Google executive reveals secrets of success

Feb 09, 2014


Peter Barron, head of external relations for Europe, Middle East and Africa for search engine Google, gave a talk to journalism, media and computing students at the college’s Chaffron Way campus. 
“Firstly, think about where the world is heading in the next few years because I did not have a clue when I was growing up,” he urged the students.
“And another little bit of advice would to be slightly sceptical of what careers advisors have to say because in my opinion they have a narrow view of the world.
"It is also incredibly important to get a career in the thing that you love.”
“My next tip is that maths is really important. If you think about the way the world is going, everything is going to be governed by maths and coding.
"You could say all of the computing as we know it today was born just five miles away from here, at Bletchley Park. But it is odd that Britain has not really embraced computing in perhaps the way it should have done.”
The talk was arranged through the college’s partnership with Speakers for Schools, an independent charity which provides state secondary schools and colleges with free guest speakers from a range of industry-leading professionals and academics. 
Mr Barron warned the students not to throw away their opportunities. “Life is a lot shorter than you think because I have a shudder slightly when I think about how I wasted time at school and should have studied more.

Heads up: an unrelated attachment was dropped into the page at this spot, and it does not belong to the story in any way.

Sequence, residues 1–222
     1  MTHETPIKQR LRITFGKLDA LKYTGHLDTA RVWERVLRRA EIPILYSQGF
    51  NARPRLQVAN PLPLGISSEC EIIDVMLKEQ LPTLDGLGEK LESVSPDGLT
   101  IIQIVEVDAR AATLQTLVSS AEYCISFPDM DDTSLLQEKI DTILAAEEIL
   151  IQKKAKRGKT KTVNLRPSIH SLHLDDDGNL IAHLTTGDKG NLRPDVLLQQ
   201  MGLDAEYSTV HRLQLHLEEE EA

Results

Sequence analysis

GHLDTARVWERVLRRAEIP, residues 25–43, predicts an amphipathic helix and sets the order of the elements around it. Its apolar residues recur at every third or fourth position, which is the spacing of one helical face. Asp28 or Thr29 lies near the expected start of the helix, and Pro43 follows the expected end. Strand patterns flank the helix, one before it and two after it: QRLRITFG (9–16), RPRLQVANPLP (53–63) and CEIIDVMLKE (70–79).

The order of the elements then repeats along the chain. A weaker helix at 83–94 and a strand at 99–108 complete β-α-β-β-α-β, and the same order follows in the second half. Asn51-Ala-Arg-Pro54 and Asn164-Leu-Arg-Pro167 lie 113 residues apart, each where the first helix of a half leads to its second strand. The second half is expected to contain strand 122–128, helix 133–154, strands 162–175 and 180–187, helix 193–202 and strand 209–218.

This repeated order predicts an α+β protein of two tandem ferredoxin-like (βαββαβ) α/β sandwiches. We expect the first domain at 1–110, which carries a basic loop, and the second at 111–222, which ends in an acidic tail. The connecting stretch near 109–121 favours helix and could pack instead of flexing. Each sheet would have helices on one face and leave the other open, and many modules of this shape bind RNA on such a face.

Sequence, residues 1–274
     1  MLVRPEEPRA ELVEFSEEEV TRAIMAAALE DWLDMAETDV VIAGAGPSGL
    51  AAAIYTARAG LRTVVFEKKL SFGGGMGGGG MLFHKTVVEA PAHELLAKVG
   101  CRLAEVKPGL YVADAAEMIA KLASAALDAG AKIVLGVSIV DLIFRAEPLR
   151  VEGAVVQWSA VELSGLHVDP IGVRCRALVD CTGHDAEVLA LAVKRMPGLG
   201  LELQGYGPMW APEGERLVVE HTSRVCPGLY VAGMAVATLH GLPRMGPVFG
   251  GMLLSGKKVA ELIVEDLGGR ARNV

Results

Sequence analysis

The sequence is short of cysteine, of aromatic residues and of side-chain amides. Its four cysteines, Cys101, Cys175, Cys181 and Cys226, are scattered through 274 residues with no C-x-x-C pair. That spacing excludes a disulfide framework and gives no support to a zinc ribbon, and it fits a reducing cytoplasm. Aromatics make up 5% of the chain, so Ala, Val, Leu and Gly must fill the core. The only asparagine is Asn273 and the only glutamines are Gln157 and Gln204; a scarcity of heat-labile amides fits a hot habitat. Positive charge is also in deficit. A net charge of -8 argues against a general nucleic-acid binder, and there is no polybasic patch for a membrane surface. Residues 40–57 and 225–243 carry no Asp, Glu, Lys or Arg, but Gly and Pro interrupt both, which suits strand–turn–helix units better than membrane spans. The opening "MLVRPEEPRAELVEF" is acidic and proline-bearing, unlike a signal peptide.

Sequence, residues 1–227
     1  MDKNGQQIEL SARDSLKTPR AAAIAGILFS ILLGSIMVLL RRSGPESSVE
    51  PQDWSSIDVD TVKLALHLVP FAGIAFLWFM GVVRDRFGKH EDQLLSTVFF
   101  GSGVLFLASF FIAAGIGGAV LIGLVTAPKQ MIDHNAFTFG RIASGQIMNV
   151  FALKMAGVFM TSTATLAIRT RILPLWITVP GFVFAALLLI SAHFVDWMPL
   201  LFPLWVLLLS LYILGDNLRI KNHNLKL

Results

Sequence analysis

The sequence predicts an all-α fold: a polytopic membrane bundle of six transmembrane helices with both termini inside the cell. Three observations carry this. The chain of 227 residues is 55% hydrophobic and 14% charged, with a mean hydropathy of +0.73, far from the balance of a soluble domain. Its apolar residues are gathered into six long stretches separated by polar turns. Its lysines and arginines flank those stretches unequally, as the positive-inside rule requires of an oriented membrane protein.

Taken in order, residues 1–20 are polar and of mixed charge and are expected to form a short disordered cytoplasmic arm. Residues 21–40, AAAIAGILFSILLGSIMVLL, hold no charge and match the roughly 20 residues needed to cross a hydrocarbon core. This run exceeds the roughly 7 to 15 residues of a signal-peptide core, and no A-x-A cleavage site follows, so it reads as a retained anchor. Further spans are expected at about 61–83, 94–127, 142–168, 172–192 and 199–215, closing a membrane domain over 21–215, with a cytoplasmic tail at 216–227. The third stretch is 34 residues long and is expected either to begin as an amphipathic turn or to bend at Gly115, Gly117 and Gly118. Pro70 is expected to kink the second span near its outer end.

“What you do in the next couple of years stays with you for the rest of your life because I was studying at university when I was 20 and then when I went to get a job at Google at 45, the performance I put in back then was still being analysed.”
In his media career, Mr Barron worked as producer of the BBC’s flagship current affairs programme Newsnight and as deputy editor of both Channel 4 News and Tonight with Trevor McDonald.
Mr Barron brought with him Google’s newest innovation for students to see, the Google Glass. 
He concluded by telling the students: “Do not wait for somebody to offer you an opportunity. Just do it.
“You can start to write your own articles, make your own films and set up your own business without having to get permission for somebody to do it. I would urge you very strongly to take an opportunity and not wait for one.”
After his talk, Mr Barron was given a tour of the campus before chatting to students and senior college staff.
News Filter
online publications

Read the Latest Editions